He graciously greeted us and thanked us for the return of the manuscript that has done so much to strengthen our mutual friendship and cooperation. The formal reception was followed by a leisurely luncheon held at the Halat Restaurant on the shores of the Golden Horn. 

The following evening, we flew with Archbishop Elpidophoros and Fr. Agathangelos to Thessaloniki, where a church delegation awaited us and a motorcade with police escort delivered us to the nearby hotel. Next morning, the motorcade reassembled to bring us to Philippi, Drama, and the Theotokos Eikosiphoinissa Monastery. Our first stop was the museum and the ruins of ancient Philippi, where the apostle Paul once preached and shared a jail cell with Silas. In the ruins of an ancient octagonal church is a fourth-century inscription that mentions the basilica was dedicated to Paul.

Figure 4: The fourth-century mosaic inscription recording that Bishop Porphyrios built the basilica dedicated to the apostle Paul, whose name is written in yellow on the left side of the third line as ΠΑΥΛΟ[Υ].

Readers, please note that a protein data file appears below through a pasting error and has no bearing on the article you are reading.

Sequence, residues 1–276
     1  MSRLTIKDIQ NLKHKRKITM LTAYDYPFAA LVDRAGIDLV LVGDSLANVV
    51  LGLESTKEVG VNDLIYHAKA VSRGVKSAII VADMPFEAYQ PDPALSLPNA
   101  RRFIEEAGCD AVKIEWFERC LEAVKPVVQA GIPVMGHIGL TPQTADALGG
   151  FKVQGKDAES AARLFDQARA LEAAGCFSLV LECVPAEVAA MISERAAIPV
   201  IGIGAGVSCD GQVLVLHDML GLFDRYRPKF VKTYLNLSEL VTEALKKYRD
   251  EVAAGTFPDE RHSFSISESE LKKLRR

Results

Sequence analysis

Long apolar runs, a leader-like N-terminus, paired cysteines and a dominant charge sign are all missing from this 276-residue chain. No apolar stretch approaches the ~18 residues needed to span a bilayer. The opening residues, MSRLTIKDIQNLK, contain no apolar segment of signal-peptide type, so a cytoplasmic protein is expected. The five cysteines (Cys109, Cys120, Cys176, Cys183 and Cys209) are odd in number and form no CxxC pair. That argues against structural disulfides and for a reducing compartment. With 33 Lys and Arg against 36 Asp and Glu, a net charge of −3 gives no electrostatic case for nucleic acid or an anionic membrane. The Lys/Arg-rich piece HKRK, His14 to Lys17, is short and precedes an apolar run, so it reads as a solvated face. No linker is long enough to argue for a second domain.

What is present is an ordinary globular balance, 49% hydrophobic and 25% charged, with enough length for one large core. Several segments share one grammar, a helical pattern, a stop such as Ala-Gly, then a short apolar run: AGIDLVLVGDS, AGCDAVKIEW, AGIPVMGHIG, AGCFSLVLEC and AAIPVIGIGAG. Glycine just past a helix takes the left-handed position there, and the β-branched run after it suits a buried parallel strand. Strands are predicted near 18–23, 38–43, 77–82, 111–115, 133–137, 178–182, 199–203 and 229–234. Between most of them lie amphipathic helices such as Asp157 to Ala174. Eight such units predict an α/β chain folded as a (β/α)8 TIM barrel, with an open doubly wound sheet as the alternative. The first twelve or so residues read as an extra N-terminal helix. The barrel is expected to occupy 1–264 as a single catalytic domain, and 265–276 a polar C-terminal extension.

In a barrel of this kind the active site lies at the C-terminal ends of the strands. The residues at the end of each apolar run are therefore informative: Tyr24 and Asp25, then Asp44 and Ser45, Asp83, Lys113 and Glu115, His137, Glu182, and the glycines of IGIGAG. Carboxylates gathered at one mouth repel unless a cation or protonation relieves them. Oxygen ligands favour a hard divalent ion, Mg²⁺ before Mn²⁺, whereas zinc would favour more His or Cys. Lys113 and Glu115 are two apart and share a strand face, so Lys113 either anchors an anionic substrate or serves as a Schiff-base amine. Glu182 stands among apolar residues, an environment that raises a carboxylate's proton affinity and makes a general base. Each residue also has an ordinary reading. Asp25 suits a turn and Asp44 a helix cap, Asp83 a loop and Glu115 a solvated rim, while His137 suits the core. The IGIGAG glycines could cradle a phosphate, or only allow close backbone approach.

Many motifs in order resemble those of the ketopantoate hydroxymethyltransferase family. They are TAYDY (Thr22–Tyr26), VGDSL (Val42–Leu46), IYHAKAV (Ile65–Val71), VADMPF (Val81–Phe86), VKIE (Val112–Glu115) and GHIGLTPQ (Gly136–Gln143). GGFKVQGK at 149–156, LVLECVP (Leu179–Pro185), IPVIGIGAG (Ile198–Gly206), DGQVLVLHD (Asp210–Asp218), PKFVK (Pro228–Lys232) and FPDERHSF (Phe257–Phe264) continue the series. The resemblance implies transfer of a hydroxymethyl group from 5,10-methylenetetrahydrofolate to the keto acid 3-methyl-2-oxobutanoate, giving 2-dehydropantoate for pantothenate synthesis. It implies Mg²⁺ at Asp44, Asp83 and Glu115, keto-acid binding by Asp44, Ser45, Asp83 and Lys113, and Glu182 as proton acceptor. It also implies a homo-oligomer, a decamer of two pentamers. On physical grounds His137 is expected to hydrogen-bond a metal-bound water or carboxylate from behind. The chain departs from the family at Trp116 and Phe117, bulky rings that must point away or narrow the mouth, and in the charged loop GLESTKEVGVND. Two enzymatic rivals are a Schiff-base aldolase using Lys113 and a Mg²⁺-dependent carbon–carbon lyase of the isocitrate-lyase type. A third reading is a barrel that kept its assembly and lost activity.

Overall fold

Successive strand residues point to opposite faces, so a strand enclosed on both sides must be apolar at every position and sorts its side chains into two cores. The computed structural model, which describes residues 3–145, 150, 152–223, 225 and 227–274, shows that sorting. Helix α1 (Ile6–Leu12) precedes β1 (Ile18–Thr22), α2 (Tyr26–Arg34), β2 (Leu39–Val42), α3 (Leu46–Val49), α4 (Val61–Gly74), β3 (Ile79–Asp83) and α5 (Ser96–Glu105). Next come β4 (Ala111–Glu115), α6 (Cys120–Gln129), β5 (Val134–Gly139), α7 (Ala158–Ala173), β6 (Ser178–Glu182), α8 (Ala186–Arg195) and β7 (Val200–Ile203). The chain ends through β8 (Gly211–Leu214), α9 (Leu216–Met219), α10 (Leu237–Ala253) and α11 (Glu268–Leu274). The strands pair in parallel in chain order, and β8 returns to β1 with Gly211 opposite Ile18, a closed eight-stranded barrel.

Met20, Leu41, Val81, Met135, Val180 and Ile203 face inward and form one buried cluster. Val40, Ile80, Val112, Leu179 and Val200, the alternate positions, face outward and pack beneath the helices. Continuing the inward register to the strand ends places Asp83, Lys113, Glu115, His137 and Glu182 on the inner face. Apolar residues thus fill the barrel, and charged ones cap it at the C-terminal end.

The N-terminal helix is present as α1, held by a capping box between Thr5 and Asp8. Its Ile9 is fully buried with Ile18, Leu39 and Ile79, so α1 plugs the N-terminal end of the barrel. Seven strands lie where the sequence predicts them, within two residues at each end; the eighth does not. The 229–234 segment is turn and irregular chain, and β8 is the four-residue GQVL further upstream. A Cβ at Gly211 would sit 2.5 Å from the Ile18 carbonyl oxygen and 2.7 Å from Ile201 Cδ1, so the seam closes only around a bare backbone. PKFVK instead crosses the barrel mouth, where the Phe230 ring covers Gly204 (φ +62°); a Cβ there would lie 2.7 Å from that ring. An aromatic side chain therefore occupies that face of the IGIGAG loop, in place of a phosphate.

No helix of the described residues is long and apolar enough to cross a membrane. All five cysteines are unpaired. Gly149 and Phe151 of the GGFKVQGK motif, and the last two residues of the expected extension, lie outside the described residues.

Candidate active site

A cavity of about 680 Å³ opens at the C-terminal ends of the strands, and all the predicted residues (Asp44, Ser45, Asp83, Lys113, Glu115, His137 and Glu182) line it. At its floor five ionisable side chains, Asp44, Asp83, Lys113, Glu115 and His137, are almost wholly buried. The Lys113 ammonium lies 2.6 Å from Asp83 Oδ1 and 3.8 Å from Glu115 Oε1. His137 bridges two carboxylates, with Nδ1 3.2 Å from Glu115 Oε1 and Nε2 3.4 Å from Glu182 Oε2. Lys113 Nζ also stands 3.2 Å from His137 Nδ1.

From Philippi, the motorcade drove to Château Nico Lazaridi in Drama for a five-course luncheon.  

The final stop was at the monastery, perched on the northern slopes of Mount Pangaion, 2,100 feet above the surrounding plain. The long, winding ascent up the mountain’s steep sides made clear the leaders of the komitadji band, who looted the monastery in 1917, had carefully planned the logistics of their attack, bringing 24 pack mules with them to carry their plunder safely. When we arrived at the monastery, we passed through the courtyard and entered the katholikon, the church in the monastery, where a prayer service was taking place. At the end of the service, members of the clergy escorted us to the front of the church. Here Metropolitan Panteleimon of Xanthi addressed the congregation and formally presented to Steve Green the “Grand Cross with Star,” the highest award of the Holy Metropolis of Drama, in gratitude for the return of the manuscript.